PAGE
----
Books | Fiction / Literary
Kurt Vonnegut’s masterpiece, Slaughterhouse-Five is “a desperate, painfully honest attempt to confront the monstrous crimes of the twentieth century” (Time). Selected by the Modern Library as one of the 100 best novels of all time Slaughterhouse-Five, an American classic, is one of the world’s great antiwar books. Centering on the infamous World War II firebombing of Dresden, the novel is the result of what Kurt Vonnegut described as a twenty-three-year struggle to write a book about what he had witnessed as an American prisoner of war. It combines historical fiction, science fiction, autobiography, and satire in an account of the life of Billy Pilgrim, a barber’s son turned draftee turned optometrist turned alien abductee. As Vonnegut had, Billy experiences the destruction of Dresden as a POW. Unlike Vonnegut, he experiences time travel, or coming “unstuck in time.” An instant bestseller, Slaughterhouse-Five made Kurt Vonnegut a cult hero in American literature, a reputation that only strengthened over time, despite his being banned and censored by some libraries and schools for content and language. But it was precisely those elements of Vonnegut’s writing—the political edginess, the genre-bending inventiveness, the frank violence, the transgressive wit—that have inspired generations of readers not just to look differently at the world around them but to find the confidence to say something about it. Authors as wide-ranging as Norman Mailer, John Irving, Michael Crichton, Tim O’Brien, Margaret Atwood, Elizabeth Strout, David Sedaris, Jennifer Egan, and J. K. Rowling have all found inspiration in Vonnegut’s words. Jonathan Safran Foer has described Vonnegut as “the kind of writer who made people—young people especially—want to write.” George Saunders has declared Vonnegut to be “the great, urgent, passionate American writer of our century, who offers us . . . a model of the kind of compassionate thinking that might yet save us from ourselves.”More than fifty years after its initial publication at the height of the Vietnam War, Vonnegut’s portrayal of political disillusionment, PTSD, and postwar anxiety feels as relevant, darkly humorous, and profoundly affecting as ever, an enduring beacon through our own era’s uncertainties.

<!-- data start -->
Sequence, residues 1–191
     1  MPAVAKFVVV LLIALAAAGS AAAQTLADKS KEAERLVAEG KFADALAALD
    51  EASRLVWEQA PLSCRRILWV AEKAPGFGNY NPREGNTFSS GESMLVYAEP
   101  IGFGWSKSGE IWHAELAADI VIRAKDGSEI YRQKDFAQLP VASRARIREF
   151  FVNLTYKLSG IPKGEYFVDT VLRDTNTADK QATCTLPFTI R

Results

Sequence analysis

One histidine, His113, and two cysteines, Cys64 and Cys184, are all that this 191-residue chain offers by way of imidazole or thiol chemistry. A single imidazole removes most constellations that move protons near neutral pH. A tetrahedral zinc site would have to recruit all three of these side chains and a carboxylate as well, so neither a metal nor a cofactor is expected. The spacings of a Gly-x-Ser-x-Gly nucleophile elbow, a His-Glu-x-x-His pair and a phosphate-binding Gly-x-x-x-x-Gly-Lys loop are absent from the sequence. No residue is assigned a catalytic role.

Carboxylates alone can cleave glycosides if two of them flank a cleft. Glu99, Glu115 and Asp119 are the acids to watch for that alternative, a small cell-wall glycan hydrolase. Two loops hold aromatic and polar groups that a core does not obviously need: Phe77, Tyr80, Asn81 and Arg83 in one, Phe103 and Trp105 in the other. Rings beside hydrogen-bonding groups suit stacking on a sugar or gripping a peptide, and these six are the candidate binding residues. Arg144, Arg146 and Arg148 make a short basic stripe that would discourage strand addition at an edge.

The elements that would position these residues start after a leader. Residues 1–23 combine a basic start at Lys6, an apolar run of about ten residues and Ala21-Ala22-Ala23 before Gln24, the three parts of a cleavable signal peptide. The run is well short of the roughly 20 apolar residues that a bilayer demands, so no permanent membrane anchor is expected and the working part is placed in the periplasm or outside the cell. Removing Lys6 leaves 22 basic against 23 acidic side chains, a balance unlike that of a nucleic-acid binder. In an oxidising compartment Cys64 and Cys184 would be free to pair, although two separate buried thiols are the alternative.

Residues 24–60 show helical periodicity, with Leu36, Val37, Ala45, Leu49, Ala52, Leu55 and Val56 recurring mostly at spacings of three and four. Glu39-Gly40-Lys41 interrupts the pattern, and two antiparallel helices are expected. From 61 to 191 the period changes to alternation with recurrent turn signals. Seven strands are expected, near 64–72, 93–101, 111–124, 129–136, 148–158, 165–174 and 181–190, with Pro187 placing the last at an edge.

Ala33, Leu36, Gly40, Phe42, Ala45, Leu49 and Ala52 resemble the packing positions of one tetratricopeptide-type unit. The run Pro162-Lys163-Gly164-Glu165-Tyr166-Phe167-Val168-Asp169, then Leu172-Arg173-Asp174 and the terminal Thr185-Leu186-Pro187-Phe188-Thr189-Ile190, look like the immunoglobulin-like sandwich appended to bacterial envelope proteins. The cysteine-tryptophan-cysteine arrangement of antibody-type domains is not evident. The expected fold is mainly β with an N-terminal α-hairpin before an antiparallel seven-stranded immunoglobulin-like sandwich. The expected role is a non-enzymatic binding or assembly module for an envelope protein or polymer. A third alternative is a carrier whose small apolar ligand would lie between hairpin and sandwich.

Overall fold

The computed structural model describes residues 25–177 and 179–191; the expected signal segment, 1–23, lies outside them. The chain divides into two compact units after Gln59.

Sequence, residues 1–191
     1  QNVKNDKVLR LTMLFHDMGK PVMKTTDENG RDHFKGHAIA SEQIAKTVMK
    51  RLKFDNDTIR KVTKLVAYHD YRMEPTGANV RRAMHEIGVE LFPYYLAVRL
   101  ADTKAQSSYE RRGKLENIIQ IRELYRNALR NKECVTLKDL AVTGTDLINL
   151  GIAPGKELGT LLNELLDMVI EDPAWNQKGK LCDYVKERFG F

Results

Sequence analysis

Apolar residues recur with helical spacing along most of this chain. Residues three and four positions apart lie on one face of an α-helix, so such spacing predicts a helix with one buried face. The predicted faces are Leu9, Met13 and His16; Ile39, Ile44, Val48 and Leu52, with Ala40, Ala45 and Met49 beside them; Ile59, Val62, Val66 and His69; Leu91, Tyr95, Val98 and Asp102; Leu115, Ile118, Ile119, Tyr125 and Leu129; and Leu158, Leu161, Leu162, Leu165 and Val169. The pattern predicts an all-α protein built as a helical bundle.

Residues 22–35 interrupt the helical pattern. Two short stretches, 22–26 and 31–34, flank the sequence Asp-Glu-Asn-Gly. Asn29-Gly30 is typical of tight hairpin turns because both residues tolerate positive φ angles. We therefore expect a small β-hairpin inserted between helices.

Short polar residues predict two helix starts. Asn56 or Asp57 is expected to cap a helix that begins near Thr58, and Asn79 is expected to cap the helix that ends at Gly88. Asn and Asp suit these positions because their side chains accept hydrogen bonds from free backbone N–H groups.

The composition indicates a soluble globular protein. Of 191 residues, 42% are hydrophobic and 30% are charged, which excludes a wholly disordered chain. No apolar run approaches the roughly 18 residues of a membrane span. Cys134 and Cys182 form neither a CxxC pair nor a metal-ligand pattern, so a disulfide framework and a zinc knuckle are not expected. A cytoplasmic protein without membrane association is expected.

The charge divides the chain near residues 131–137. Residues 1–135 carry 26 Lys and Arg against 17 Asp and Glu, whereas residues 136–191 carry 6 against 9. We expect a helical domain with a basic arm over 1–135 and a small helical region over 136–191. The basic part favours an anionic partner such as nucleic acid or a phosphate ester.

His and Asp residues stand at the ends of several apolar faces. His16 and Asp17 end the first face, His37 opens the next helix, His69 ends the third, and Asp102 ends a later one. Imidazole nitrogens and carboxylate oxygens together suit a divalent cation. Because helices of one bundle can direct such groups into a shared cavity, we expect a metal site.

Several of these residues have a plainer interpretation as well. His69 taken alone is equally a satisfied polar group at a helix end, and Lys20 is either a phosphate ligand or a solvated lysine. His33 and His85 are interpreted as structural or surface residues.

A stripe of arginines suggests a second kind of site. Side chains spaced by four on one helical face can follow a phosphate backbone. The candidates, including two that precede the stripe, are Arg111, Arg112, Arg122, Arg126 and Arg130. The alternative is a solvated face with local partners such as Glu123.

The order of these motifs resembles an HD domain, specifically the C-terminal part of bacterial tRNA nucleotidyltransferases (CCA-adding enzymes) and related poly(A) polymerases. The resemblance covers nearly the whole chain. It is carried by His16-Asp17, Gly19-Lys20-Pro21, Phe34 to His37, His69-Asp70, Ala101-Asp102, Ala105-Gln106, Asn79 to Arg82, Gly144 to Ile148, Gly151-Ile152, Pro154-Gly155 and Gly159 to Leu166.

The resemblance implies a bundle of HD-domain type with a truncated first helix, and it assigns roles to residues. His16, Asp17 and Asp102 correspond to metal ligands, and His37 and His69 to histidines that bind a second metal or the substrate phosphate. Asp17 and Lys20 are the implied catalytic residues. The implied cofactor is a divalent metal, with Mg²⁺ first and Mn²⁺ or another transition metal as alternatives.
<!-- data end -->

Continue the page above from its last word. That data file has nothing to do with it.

World War 2
Random House Publishing Group
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"I can't remember much about the writing style aside from what's already widely known about Vonnegut. What I can say is that there are multiple scenes and idea of life that have stayed in my head, which I recall very frequently, and have so since I first read this book in the Summer of my sophomore year. I'm 30 now, and still see truths occur first shown to me by this book."
"I really enjoyed the unique writing style of Kurt Vonnegut, this was the first book of his that I have read. The way he wrote about the effects of PTSD and yet never directly mentioning this illness creates a better, more accurate understanding of how people after WWII treated people with PTSD."
"i like the philosophy and the message it sends. makes me think with my brain"
"Perfect example of why the novel exists"